In December the California Integrated Waste Management Board narrowly approves the permit without majority support, meaning that the permit was approved by default. The LEA then issues the permit.
The California Regional Water Quality Control Board, San Diego Region staff conducted a public workshop on May 19, 2005 at the Escondido City Council Chambers. There were approximately 150 people in attendance, to give public testimony. The Pala Tribe and the City of Oceanside hired the Stetson Engineering Firm to review the Joint Technical Document submitted by Gregory Canyon landfill. Our findings found numerous flaws, deleted information, and a lack of information regarding the JTD. We have submitted our findings to the regional water staff. The city of Oceanside, also hired a geologist and a chemist to review the JTD, also they found flaws in the report.
In resolving the suit filed in 2004, Judge Anello of the San Diego County Superior Court finds the FEIR to be inadequate and orders the LEA to decertify the FEIR, rescind the solid waste facility permit, and conduct additional CEQA analysis on traffic, water supply, and biological mitigation before issuing a new permit.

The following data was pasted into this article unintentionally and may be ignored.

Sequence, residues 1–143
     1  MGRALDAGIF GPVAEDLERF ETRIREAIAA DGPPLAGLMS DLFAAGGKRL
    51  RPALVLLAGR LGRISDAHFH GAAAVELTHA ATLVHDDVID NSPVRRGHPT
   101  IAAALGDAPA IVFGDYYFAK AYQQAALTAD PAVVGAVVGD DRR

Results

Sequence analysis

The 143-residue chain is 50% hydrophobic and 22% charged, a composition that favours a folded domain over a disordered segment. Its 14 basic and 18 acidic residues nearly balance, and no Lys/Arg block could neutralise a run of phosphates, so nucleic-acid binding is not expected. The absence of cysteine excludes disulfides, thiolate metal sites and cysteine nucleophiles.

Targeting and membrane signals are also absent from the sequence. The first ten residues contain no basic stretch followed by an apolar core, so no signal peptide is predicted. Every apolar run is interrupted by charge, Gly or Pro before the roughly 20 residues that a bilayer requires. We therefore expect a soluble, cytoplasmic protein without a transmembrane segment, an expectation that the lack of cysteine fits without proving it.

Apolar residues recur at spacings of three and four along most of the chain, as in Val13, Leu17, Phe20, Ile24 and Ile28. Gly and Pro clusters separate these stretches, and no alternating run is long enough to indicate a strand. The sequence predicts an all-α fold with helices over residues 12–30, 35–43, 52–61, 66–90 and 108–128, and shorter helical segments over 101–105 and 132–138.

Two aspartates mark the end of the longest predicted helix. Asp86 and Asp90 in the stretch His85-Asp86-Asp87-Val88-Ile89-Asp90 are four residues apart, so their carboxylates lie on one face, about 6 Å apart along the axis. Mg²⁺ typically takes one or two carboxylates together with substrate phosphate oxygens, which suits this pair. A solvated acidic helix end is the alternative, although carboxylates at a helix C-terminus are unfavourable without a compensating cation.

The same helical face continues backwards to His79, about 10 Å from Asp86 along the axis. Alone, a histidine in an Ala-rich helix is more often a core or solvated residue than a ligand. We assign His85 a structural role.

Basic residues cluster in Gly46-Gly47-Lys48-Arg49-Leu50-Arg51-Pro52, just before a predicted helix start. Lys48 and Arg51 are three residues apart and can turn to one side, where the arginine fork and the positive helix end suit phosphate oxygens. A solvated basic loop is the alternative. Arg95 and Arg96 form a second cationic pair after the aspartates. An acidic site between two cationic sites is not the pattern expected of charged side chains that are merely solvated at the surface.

In response to the Court’s ruling, the LEA prepares a Revised Partial EIR for public comment. The document states that the water supply for the project would be reclaimed water purchased from the Olivenhain Municipal Water District (OMWD) for the project.
On May 31, 2007, the LEA certifies the Revised Final EIR (RFEIR) and requests that the court dissolve the 2006 writ.
The court partially dissolves the writ, but rules that the RFEIR failed to analyze the impacts of obtaining reclaimed water from OMWD, and it orders additional analysis. In response the LEA prepares an Addendum to the RFEIR. In November, the Court dissolves the Writ.
In January, the Fourth District Court of Appeals holds that OMWD violated CEQA when it approved the contract to sell water for the project without conducting any environmental review. In May, OMWD votes to not supply water for the proposed project.
The Regional Water Quality Control Board (Regional Board) issues draft waste discharge requirements (WDRs) for the project as well as a proposed water quality certification under Section 401 of The Clean Water Act. In November, the Board declines to approve either the WDRs or the 401 certification.